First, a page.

NEW ORLEANS (AP) — Two Louisiana men were among 46 inmates nationwide whose prison sentences for non-violent drug offenses were commuted by President Barack Obama.
On Monday, Obama cut the sentences of Brian Nickles, a 46-year-old man from New Orleans, and James Nathan Walton, a 42-year-old man from Thibodaux.
Both men are black and were serving 20-year sentences for drug offenses and were due to be released in 2021, according to federal records.
Nickles is locked up at a federal prison in Beaumont, Texas, and Walton in a federal prison in Pollock, Louisiana.
Obama wrote a personal letter to each of the 46 individuals to notify them of their commutations. Their sentences all now expire on Nov. 10.
A commutation leaves the conviction in place, but reduces the punishment.
Nickles was convicted of two counts of distribution of more than 50 grams of cocaine base and Walton was convicted of one count of possession with intent to distribute cocaine base.
Obama's move was part of a broader ongoing effort by his administration to make the U.S. criminal justice system fairer. Obama has now issued 89 commutations during his presidency, most of them to non-violent offenders sentenced for drug crimes under outdated sentencing guidelines.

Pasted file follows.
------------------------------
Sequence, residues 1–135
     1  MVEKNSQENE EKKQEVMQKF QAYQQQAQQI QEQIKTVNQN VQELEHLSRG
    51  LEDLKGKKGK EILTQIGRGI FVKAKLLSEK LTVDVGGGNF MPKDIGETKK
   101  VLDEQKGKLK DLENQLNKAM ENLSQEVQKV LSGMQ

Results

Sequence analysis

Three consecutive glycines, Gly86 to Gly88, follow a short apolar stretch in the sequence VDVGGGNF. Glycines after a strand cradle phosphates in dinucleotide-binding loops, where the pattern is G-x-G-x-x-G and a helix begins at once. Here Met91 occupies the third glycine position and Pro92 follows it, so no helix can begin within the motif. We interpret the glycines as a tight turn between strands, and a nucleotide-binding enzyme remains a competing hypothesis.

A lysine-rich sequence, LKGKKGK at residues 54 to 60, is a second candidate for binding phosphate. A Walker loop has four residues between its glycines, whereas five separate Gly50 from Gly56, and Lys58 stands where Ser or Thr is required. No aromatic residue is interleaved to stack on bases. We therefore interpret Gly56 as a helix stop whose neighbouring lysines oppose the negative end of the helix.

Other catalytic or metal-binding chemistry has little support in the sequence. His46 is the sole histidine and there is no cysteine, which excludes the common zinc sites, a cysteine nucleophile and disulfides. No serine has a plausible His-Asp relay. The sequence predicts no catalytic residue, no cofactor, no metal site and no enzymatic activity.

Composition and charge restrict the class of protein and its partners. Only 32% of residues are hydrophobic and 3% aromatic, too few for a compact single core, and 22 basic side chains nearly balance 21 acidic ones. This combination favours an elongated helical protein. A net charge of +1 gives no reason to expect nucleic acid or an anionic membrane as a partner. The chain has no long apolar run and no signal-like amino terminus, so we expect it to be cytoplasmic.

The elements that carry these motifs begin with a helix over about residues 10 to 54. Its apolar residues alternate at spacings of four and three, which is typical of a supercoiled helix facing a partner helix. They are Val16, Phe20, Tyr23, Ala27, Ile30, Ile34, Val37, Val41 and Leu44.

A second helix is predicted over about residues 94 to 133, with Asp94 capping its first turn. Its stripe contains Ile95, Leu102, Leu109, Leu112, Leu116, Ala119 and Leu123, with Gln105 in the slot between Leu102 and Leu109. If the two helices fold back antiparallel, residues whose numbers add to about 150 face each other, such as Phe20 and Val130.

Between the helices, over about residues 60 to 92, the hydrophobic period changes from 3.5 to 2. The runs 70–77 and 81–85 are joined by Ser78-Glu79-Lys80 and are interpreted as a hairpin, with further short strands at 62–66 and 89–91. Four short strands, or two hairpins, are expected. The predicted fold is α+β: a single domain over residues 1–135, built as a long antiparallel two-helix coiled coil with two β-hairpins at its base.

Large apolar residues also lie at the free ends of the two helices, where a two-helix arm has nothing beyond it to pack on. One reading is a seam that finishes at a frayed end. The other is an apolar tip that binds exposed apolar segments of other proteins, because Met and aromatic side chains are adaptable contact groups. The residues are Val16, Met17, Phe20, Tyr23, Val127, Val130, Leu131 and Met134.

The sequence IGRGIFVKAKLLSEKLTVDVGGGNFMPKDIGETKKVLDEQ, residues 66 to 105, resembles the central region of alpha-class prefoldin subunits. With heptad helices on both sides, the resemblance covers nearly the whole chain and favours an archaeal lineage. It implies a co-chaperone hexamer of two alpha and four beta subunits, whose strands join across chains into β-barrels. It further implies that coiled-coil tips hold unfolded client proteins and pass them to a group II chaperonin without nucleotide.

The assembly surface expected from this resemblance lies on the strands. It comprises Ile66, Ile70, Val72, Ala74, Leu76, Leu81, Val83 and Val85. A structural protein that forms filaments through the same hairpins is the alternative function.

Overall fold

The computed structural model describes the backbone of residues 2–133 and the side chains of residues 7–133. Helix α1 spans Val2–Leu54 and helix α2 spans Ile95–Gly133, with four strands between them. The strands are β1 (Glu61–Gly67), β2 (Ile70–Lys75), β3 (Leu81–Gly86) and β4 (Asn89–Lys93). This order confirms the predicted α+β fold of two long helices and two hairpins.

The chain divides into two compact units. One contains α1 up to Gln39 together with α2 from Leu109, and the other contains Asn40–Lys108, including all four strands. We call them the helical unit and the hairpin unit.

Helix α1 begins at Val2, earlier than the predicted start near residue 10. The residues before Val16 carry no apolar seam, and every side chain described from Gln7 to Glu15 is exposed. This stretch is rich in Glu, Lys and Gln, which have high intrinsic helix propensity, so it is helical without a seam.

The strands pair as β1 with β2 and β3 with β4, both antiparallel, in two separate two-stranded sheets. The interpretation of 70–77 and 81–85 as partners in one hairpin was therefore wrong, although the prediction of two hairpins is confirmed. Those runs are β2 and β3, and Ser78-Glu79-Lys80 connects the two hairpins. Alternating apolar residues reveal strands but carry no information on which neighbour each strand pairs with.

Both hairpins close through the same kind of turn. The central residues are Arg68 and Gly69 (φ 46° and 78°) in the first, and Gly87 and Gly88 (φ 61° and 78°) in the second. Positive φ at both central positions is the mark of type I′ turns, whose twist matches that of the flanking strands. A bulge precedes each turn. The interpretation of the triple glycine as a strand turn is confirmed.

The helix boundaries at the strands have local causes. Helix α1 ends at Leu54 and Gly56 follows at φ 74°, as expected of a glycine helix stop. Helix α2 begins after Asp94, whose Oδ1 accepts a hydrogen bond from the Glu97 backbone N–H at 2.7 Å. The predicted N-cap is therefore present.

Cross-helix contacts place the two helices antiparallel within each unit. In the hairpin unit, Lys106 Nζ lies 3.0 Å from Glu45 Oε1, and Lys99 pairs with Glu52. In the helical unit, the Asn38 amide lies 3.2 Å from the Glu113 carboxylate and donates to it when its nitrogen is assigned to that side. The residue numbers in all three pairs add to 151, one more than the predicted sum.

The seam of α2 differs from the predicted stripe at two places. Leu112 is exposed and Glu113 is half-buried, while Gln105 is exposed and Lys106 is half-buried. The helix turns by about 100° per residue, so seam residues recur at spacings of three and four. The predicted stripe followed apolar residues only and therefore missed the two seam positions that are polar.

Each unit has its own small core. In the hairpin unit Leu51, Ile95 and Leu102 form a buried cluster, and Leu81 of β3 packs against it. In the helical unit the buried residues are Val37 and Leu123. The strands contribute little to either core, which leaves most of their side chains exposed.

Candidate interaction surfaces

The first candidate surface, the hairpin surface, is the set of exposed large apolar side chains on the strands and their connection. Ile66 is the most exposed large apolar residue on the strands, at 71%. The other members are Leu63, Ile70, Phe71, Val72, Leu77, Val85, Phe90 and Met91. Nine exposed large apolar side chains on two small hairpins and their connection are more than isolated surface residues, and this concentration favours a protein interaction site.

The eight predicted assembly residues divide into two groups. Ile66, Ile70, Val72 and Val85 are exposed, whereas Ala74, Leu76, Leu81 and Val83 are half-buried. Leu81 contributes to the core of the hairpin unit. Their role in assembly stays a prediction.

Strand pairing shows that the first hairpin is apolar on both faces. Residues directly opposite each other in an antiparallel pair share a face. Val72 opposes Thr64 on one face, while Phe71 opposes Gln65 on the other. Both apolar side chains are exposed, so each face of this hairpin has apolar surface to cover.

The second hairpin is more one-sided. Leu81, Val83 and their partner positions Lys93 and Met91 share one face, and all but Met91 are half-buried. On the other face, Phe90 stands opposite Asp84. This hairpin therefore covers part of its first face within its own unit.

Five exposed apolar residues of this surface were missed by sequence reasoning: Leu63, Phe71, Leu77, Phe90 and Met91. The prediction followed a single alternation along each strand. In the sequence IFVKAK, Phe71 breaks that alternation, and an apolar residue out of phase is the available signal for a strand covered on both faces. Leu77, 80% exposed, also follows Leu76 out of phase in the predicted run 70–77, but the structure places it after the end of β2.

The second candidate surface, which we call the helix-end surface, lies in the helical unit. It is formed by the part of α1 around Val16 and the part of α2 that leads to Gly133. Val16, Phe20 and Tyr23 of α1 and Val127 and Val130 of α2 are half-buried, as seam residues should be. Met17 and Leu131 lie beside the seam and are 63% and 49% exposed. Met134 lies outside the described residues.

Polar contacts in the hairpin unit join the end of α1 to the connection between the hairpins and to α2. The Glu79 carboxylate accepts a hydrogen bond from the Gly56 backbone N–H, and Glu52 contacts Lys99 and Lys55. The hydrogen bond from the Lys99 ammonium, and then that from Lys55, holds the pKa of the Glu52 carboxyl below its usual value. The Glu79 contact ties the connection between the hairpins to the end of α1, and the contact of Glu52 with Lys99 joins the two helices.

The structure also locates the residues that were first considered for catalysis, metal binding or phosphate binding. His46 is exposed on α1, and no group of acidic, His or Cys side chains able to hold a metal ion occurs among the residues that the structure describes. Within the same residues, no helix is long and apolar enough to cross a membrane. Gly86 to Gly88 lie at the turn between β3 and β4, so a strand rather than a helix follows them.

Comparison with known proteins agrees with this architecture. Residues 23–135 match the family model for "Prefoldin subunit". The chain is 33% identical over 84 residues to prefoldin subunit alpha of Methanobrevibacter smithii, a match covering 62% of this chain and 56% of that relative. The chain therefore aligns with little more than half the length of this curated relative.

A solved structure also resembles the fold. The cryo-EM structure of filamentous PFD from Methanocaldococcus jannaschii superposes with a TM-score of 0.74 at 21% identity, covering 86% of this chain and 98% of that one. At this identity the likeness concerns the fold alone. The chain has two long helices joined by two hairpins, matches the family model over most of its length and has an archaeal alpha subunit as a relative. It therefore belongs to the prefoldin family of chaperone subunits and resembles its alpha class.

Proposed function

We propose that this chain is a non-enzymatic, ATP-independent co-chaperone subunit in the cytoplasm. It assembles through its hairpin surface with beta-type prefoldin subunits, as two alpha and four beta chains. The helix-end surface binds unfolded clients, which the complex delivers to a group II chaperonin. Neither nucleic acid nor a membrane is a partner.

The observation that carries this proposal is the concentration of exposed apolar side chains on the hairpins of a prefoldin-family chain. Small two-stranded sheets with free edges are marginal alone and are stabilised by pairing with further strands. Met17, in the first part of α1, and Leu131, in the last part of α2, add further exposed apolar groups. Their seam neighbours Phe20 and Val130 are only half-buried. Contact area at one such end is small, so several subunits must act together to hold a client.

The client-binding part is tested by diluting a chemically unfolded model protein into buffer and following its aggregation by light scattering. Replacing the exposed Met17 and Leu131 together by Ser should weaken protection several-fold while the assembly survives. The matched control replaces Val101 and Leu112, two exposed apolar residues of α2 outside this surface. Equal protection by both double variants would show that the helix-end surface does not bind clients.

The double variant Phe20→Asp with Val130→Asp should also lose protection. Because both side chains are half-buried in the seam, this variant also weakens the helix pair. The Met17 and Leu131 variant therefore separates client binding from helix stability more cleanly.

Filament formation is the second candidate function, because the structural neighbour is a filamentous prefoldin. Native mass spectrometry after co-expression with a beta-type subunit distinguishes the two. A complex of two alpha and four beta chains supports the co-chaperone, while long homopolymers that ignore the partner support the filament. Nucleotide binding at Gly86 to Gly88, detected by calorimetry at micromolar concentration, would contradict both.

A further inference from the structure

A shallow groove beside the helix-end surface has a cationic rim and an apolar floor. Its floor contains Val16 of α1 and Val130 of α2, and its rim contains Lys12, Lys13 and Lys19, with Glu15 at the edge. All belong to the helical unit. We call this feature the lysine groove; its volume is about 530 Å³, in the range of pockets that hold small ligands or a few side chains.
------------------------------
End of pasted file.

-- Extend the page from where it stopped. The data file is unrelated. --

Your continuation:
"These men and women were not hardened criminals," Obama said in a video released by the White House, noting that the overwhelming majority of the 46 had been sentenced to at least 20 years.
Among the 46 inmates are 14 who were sentenced to life in prison.
Obama said "their punishments didn't fit the crime."
The 46 sentence reductions announced Monday are the most presidential commutations in a single day since the Lyndon Johnson administration in the 1960s. Obama has commuted the sentences of 89 people, surpassing the combined number of commutations granted by Presidents Ronald Reagan, George H.W. Bush, Bill Clinton, and George W. Bush.
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Posted on Tue, July 14, 2015
by Associated Press